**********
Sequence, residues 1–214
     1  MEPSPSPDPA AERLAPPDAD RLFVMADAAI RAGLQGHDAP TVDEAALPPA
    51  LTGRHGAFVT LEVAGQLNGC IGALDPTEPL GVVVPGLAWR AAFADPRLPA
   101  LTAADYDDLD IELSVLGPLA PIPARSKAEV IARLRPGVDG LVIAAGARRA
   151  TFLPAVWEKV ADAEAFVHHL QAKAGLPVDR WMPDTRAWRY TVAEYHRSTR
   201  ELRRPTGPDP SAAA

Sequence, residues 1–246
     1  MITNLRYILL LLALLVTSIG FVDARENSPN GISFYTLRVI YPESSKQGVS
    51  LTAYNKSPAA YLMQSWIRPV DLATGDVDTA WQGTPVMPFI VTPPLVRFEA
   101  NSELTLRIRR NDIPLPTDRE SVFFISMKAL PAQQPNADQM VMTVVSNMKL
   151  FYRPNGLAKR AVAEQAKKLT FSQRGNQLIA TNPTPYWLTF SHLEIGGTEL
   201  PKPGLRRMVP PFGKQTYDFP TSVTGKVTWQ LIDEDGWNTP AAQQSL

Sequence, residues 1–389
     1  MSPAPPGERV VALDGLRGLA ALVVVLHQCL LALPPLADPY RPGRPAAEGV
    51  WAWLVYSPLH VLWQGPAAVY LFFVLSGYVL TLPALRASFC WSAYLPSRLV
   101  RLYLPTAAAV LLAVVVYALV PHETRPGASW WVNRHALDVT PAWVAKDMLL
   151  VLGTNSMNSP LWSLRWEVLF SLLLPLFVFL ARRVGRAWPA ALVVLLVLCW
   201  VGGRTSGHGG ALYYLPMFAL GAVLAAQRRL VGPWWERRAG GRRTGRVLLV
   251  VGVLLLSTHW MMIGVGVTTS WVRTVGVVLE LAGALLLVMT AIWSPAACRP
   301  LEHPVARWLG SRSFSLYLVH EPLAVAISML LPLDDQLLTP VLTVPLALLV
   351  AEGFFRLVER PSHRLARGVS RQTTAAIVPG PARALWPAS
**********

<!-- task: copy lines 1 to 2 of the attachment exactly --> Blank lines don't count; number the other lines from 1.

Sequence, residues 1–214
     1  MEPSPSPDPA AERLAPPDAD RLFVMADAAI RAGLQGHDAP TVDEAALPPA